Thursday, December 20, 2012

Shades of Grey

If you are thinking this is a review on that popular novel of the summer, you are going to be sorely disappointed. Or maybe you won't be. This is not a book review however. I have not read that book, nor am I planning to.

Sometimes we hear truths that resonate within us. Anne Bogel's talk at the Influence Conference on the blacks and whites of the 20s morphing into the grey of the 30s was such a truth. A resonating truth.
Generally, the younger you are, the more you think you know. Topics and beliefs are very black and white. Convictions are held with conviction.

But as you grow just a bit older, and gain some literal grey in the hair area, you begin to see grey in other areas too. Things are not quite as cut and dried, black and white as they appeared in your late teens and 20s. There are two sides to every coin. And there are the edges too.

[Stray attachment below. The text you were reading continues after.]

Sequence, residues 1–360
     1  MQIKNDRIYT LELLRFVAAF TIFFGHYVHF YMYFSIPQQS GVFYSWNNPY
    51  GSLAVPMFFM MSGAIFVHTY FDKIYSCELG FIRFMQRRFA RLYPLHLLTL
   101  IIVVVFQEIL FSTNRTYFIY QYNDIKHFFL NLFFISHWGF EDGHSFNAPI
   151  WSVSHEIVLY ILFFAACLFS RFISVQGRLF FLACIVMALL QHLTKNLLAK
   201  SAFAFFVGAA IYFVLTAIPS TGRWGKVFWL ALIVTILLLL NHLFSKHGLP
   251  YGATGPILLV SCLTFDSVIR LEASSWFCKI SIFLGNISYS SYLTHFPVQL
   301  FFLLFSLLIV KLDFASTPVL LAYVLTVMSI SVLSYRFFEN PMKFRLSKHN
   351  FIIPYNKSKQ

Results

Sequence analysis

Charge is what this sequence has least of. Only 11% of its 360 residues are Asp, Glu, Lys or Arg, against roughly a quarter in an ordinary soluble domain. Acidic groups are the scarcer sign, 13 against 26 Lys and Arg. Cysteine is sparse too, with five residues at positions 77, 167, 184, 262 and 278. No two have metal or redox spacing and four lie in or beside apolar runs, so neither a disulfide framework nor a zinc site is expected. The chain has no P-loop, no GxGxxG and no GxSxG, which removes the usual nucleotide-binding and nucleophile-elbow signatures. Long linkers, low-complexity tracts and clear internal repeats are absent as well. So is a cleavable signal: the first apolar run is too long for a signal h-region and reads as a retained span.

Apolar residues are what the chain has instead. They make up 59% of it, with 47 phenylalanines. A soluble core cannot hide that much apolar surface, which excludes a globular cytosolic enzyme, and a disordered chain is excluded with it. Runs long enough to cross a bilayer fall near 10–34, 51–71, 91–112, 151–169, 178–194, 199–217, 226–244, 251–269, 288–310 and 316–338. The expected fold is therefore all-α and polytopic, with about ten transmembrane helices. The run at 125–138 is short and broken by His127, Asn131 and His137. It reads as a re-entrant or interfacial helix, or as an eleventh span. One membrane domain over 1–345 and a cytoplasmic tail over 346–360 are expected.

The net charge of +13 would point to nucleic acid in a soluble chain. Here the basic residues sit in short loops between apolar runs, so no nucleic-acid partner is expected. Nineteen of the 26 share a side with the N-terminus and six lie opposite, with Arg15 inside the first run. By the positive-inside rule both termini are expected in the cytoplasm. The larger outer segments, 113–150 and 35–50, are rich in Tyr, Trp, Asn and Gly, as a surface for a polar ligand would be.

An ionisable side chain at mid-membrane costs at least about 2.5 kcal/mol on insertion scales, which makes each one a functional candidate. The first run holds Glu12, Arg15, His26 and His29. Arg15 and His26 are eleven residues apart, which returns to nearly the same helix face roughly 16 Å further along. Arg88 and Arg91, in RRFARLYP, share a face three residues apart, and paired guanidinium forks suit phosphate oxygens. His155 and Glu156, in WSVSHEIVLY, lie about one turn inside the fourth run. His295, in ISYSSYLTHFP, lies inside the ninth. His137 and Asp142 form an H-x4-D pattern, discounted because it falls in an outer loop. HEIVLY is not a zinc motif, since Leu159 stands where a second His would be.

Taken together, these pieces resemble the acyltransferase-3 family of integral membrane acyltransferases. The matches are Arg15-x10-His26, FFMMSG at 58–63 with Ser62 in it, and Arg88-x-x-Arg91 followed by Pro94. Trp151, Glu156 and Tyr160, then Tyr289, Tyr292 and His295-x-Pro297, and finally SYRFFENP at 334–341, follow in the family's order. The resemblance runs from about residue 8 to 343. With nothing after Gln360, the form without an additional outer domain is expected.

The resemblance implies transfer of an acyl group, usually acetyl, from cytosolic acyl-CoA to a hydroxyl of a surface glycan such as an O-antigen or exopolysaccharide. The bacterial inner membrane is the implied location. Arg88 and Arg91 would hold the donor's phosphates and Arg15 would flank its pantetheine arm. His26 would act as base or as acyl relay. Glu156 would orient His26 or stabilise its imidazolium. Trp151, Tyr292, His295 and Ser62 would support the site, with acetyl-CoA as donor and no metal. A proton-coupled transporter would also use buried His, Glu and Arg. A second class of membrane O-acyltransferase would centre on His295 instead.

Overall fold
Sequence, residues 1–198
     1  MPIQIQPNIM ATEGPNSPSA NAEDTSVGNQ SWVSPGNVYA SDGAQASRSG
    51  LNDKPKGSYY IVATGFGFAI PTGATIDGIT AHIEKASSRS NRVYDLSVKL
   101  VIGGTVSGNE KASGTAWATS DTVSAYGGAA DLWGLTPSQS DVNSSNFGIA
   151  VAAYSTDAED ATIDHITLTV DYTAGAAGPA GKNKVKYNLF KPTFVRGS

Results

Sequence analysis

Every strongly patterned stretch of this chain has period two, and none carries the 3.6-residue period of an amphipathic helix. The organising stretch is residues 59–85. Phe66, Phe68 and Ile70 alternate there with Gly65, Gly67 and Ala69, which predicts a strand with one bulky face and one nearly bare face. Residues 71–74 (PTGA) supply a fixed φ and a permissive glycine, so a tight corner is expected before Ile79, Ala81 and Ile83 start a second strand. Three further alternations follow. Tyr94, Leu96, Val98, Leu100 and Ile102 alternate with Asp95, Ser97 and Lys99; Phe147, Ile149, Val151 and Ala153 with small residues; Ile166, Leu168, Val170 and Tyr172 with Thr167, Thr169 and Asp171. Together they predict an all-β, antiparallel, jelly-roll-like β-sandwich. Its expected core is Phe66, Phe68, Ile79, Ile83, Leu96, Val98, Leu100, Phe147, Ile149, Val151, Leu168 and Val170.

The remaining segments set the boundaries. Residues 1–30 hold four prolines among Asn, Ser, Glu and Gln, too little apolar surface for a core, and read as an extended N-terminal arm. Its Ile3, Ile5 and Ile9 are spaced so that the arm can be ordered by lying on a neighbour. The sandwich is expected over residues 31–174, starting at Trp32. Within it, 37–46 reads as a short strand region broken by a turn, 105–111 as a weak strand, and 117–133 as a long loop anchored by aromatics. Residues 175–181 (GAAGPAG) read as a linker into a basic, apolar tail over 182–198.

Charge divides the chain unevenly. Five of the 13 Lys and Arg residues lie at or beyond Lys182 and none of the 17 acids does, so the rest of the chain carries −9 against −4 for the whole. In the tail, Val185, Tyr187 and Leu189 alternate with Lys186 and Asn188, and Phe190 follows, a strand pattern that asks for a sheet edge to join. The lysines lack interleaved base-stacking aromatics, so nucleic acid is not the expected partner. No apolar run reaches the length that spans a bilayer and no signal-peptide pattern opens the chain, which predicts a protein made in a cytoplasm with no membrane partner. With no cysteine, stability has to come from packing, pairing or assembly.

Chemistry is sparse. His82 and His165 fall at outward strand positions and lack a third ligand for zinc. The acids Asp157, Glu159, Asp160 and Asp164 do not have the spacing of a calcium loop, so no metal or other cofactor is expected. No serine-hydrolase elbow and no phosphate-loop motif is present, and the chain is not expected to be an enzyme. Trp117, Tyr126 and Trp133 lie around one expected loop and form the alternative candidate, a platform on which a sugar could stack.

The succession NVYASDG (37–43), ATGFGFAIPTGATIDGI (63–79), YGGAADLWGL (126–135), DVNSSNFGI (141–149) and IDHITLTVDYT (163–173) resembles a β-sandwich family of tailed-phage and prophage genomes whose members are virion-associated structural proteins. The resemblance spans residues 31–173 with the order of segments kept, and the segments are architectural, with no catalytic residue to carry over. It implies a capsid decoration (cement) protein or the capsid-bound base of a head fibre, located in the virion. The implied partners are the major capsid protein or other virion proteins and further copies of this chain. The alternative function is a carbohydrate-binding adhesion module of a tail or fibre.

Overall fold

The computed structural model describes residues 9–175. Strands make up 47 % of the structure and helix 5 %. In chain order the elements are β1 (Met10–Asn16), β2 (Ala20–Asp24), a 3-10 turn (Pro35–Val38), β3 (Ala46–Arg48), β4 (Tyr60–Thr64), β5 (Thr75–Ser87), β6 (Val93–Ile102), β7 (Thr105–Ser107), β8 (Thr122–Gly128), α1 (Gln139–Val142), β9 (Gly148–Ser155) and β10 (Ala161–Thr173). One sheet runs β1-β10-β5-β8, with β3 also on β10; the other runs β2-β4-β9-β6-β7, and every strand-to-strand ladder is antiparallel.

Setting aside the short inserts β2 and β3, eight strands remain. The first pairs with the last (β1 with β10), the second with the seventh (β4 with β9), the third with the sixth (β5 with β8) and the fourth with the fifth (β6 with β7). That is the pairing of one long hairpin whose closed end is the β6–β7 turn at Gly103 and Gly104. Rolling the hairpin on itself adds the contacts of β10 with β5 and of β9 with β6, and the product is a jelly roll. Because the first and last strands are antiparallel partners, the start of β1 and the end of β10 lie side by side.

Dogmatic becomes a bit more pragmatic.

Is this wrong?

I might be termed a back sliding reprobate for saying this, but I don't think pragmatic is all that wrong. On a whole lot of subjects.

We need to be dogmatic where God is dogmatic. The 10 commandments are pretty dogmatic. They don't change on the winds of culture shifts. Killing is killing is wrong. As is coveting, worshipping idols, disobeying and disrespecting parents, stealing and adultery. Most cultures view some variation of these "social" wrongs as wrong. The "God" laws, for some reason seem to get a bit more leeway-culturally. I'm not saying that is right, I'm just stating what is.

We need to be pragmatic (dealing with things sensibly and realistically in a way that is based on practical rather than theoretical considerations) where God is not dogmatic.